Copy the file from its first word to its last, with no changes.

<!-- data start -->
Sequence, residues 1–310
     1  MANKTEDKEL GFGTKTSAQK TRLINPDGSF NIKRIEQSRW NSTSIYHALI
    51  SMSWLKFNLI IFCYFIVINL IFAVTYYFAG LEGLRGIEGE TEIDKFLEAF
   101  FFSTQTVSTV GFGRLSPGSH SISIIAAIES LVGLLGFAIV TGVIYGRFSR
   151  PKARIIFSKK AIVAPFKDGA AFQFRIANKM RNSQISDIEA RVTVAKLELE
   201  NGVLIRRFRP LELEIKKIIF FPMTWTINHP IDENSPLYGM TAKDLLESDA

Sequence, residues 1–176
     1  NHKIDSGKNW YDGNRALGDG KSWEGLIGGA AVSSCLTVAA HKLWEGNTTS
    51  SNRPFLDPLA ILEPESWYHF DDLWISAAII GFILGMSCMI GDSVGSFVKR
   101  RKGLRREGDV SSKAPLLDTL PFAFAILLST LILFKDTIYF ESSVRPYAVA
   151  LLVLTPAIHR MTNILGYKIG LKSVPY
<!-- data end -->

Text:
Sequence, residues 1–310
     1  MANKTEDKEL GFGTKTSAQK TRLINPDGSF NIKRIEQSRW NSTSIYHALI
    51  SMSWLKFNLI IFCYFIVINL IFAVTYYFAG LEGLRGIEGE TEIDKFLEAF
   101  FFSTQTVSTV GFGRLSPGSH SISIIAAIES LVGLLGFAIV TGVIYGRFSR
   151  PKARIIFSKK AIVAPFKDGA AFQFRIANKM RNSQISDIEA RVTVAKLELE
   201  NGVLIRRFRP LELEIKKIIF FPMTWTINHP IDENSPLYGM TAKDLLESDA

Sequence, residues 1–176
     1  NHKIDSGKNW YDGNRALGDG KSWEGLIGGA AVSSCLTVAA HKLWEGNTTS
    51  SNRPFLDPLA ILEPESWYHF DDLWISAAII GFILGMSCMI GDSVGSFVKR
   101  RKGLRREGDV SSKAPLLDTL PFAFAILLST LILFKDTIYF ESSVRPYAVA
   151  LLVLTPAIHR MTNILGYKIG LKSVPY